In a time before big chain supermarkets, cities were sprinkled with small producers from butchers to bakers and yes, even candlestick makers. On the way home from work or school, one might stop in to a variety of specialty producers for the evening’s dinner ingredients. For many residents of New York’s West Village, an every-now-and-then indulgence along the way was Li-Lac Chocolates. The oldest chocolate house in Manhattan, it was originally opened in 1923 by Greek chocolatier George Demetrious in a small space on Christopher Street. Passersby would catch glimpses of marble tabletops, glittering copper kettles, and the delicately detailed chocolates through the windows. Truly quaint.
So how does a quaint chocolate shop survive a nearly 100-year history in ever-changing New York City? Demetrious was a man steeped in tradition, shunning automation and trend. And it’s just that dedication to the old way of doing things that the company credits for its longevity. Not only are many of the recipes the same as they were in the 20s, but some of the marble tables and large copper pieces from the original location are still proudly part of chocolate production, holding court to tempering and making the company’s famous fudge, respectively.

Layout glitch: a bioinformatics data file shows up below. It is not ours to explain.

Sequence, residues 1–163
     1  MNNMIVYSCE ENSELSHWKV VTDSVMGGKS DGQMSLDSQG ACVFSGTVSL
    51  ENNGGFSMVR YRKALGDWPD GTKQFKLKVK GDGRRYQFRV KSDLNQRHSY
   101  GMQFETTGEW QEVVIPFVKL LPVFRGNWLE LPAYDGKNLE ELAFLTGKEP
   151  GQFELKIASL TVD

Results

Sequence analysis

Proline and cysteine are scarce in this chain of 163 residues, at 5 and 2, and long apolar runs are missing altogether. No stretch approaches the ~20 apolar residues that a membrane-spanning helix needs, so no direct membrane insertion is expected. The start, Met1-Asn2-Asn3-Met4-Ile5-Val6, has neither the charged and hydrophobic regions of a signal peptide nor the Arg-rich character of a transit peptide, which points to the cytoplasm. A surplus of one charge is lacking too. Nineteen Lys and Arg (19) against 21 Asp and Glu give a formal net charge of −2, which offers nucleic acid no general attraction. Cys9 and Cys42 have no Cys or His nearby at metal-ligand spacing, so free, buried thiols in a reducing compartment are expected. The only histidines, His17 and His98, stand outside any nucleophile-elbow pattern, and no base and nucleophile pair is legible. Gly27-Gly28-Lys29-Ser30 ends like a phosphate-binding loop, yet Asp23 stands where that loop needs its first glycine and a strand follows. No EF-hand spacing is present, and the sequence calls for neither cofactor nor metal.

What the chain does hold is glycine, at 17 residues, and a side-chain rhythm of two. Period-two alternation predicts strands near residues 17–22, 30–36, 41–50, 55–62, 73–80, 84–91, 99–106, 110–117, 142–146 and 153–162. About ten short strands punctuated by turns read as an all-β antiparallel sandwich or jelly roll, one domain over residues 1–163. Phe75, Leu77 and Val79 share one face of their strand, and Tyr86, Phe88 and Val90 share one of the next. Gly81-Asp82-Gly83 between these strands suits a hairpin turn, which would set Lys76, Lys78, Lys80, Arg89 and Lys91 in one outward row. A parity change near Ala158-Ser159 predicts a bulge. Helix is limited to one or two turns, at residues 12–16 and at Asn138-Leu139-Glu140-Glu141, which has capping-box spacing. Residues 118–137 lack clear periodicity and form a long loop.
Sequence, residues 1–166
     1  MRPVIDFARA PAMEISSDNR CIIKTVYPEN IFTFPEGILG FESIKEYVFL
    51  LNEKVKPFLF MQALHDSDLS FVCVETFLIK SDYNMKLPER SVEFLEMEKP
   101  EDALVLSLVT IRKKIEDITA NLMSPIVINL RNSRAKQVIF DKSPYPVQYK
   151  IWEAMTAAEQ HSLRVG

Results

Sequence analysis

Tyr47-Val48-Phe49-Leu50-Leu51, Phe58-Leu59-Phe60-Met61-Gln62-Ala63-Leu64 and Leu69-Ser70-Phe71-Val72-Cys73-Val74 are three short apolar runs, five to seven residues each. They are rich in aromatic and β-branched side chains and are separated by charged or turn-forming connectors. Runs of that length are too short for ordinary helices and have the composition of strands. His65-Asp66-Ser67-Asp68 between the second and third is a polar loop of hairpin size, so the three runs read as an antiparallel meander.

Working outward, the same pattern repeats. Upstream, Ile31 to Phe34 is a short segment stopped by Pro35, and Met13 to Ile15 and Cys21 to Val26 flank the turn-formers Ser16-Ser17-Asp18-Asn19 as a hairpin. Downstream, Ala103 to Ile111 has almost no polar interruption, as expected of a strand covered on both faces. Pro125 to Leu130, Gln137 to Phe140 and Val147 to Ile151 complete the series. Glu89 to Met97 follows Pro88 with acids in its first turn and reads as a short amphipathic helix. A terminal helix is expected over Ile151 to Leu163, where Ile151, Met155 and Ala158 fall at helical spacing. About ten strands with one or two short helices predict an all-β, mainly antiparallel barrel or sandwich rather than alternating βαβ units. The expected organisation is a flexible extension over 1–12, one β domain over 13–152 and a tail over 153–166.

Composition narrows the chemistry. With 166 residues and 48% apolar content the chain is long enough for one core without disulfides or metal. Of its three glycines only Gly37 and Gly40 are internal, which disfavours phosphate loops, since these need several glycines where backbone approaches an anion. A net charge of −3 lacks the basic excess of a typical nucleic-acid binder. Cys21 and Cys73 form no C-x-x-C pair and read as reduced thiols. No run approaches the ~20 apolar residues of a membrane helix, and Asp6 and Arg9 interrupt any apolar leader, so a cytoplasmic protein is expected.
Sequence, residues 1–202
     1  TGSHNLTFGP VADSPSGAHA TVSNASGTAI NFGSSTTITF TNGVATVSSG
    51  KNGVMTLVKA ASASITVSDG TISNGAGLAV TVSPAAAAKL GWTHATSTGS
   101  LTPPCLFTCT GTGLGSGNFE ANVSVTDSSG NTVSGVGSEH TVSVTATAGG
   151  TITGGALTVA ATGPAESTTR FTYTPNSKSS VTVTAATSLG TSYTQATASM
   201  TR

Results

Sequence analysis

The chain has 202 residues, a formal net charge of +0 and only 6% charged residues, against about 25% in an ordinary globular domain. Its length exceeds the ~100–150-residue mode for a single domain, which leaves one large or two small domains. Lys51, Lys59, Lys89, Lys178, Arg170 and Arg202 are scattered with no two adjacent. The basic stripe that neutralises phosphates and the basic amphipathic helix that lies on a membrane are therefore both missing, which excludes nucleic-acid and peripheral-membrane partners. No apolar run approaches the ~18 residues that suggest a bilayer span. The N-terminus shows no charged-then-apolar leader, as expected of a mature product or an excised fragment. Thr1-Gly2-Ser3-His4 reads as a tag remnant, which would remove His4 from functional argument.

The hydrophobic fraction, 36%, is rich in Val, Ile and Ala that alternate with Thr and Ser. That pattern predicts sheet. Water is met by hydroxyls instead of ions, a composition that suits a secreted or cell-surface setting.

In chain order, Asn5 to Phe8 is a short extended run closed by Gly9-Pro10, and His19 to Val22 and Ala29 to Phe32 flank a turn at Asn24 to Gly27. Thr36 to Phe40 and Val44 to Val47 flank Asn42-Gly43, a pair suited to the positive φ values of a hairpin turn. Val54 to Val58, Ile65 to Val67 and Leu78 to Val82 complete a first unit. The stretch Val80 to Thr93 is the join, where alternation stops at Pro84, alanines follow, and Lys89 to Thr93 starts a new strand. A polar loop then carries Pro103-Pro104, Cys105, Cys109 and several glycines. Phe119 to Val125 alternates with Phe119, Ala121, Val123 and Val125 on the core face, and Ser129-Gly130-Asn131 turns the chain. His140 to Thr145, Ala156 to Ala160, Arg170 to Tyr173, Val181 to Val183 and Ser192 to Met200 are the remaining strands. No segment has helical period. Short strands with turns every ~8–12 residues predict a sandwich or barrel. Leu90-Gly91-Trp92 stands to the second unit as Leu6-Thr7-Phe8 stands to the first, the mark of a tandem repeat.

Of course, some things have changed. The company is in its fifth iteration, now jointly operated by Anthony Cirone (himself a frequent customer of the Christopher Street shop before its closure in 2005), Anwar Khoder (a chocolatier for the shop since 1989), and Christopher Taylor (the finance guru of the lot—hey, someone has to read the spreadsheets). Storefronts have expanded to five across New York City, including a Brooklyn chocolate factory where people can still peer at the Willy Wonka-esque activity through oversize windows. But one thing is assured never to change—Li-Lac’s commitment to old-school chocolate making. Cirone remarks, “People tell us all the time about how Li-Lac was always part of their life in the Village.” Now, more people can be part of the Li-Lac tradition, dating back to a time when small makers were the only makers.